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Advanced Cu chemical displacement technique for SiO2-based electrochemical metallization ReRAM application.

Chin FT, Lin YH, You HC, Yang WL, Lin LM, Hsiao YP, Ko CM, Chao TS - Nanoscale Res Lett (2014)

Bottom Line: As the Cu CDT processing time increased, the forming and set voltages of the CDT-fabricated Cu/SiO2-stacked ReRAM decreased.Conversely, decreasing the processing time reduced the on-state current and reset voltage while increasing the endurance switching cycle time.Therefore, the switching characteristics were easily modulated by Cu CDT, yielding a high performance electrochemical metallization (ECM)-type ReRAM.

View Article: PubMed Central - HTML - PubMed

Affiliation: Ph.D. Program of Electrical and Communications Engineering, Feng Chia University, No. 100 Wenhwa Rd., Seatwen, Taichung 40724, Taiwan.

ABSTRACT
This study investigates an advanced copper (Cu) chemical displacement technique (CDT) with varying the chemical displacement time for fabricating Cu/SiO2-stacked resistive random-access memory (ReRAM). Compared with other Cu deposition methods, this CDT easily controls the interface of the Cu-insulator, the switching layer thickness, and the immunity of the Cu etching process, assisting the 1-transistor-1-ReRAM (1T-1R) structure and system-on-chip integration. The modulated shape of the Cu-SiO2 interface and the thickness of the SiO2 layer obtained by CDT-based Cu deposition on SiO2 were confirmed by scanning electron microscopy and atomic force microscopy. The CDT-fabricated Cu/SiO2-stacked ReRAM exhibited lower operation voltages and more stable data retention characteristics than the control Cu/SiO2-stacked sample. As the Cu CDT processing time increased, the forming and set voltages of the CDT-fabricated Cu/SiO2-stacked ReRAM decreased. Conversely, decreasing the processing time reduced the on-state current and reset voltage while increasing the endurance switching cycle time. Therefore, the switching characteristics were easily modulated by Cu CDT, yielding a high performance electrochemical metallization (ECM)-type ReRAM.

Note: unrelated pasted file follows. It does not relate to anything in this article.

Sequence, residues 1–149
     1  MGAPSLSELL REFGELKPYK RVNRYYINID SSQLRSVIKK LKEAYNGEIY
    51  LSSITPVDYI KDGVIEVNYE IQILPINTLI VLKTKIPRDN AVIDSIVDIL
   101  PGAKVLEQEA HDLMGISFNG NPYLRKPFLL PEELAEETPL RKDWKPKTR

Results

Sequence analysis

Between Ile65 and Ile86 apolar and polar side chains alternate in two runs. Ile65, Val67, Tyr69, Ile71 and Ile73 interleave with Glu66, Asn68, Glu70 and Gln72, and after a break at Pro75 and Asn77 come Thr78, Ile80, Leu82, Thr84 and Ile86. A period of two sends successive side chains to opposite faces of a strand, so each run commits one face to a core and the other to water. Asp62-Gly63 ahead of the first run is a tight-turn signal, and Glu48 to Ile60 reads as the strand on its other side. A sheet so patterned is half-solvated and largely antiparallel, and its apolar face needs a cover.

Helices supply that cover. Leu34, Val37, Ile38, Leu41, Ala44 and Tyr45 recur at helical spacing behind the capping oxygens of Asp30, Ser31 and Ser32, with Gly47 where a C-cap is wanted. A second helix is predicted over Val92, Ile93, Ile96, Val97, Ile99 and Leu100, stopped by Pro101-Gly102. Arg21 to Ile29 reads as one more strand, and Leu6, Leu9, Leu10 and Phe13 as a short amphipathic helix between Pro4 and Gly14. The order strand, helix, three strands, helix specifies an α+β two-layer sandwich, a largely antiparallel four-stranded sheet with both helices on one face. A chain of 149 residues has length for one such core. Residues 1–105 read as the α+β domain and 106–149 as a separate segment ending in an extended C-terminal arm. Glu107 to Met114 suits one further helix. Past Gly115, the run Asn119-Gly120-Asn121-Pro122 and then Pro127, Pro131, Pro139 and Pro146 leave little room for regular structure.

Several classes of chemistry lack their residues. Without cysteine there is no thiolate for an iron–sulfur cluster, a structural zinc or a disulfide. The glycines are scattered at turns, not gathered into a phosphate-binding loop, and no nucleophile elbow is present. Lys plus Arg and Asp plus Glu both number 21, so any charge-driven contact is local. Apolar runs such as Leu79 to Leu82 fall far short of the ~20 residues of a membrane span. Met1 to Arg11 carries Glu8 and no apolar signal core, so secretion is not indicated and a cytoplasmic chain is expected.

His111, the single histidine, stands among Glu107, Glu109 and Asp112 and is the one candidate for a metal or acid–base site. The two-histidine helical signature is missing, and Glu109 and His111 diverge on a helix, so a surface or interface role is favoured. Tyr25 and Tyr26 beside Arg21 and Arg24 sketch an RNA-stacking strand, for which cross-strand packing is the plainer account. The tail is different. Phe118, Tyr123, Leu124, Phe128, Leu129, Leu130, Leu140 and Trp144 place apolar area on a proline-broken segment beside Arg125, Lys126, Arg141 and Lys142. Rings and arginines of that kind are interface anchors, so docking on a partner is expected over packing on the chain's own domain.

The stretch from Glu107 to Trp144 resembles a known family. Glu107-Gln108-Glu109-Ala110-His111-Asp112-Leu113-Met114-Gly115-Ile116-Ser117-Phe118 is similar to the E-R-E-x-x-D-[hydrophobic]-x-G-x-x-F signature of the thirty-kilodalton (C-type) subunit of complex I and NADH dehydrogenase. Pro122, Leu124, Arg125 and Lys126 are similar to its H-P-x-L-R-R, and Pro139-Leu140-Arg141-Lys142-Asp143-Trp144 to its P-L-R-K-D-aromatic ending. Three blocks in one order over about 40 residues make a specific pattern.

No MeSH data available.


AFM image to analyze the surface roughness of SiO2. (a) Control, (b) CDT 60, (c) CDT 65, and (d) CDT 70 s samples.
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Figure 3: AFM image to analyze the surface roughness of SiO2. (a) Control, (b) CDT 60, (c) CDT 65, and (d) CDT 70 s samples.

Mentions: Figure 2 shows scanning electron microscopy (SEM) images of the samples prepared by Cu CDT for 60 and 70 s. The initial SEM testing sample was an Al (100 nm)/PE-TEOS SiO2 (500 nm)/Si-sub structure. After Cu CDT processing, the Al metal film was completely displaced by Cu. The average thickness of the Cu in the 60 and 70-s samples was approximately 198 and 207 nm, respectively, and the thickness of the SiO2 film was reduced by the longer processing time (decreasing ca. 8 nm relative to the shorter time). During the longer period, fluoride ions could react with the SiO2, releasing extra electrons that promoted the reduction of Cu2+ to Cu atoms. For this reason, the Cu metal film was thicker in the 70-s sample than in the 60-s sample. In addition, the attack of F− ions during the longer CDT process roughened the Cu–SiO2 interface. Atomic force microscopy confirmed that the SiO2 surface roughness increased with increasing CDT processing time (Figure 3). We observe the surface roughness of SiO2 film for CDT process by AFM system. For the control sample, we directly scanned the surface of fresh PECVD SiO2 film. As a comparison, the CDT samples were fabricated by the Cu CDT process, and then removed the Cu metal film to observe the revealed SiO2. The results of surface roughness for the SiO2 film were 0.3, 0.968, 1.56 and 1.986 nm for the control, CDT 60, CDT 65, and CDT 70 s, respectively, as shown in Figure 3. The Cu metal in samples fabricated by Cu CDT was removed by wet etching methods, revealing that the shape of the interface could be controlled by CDT.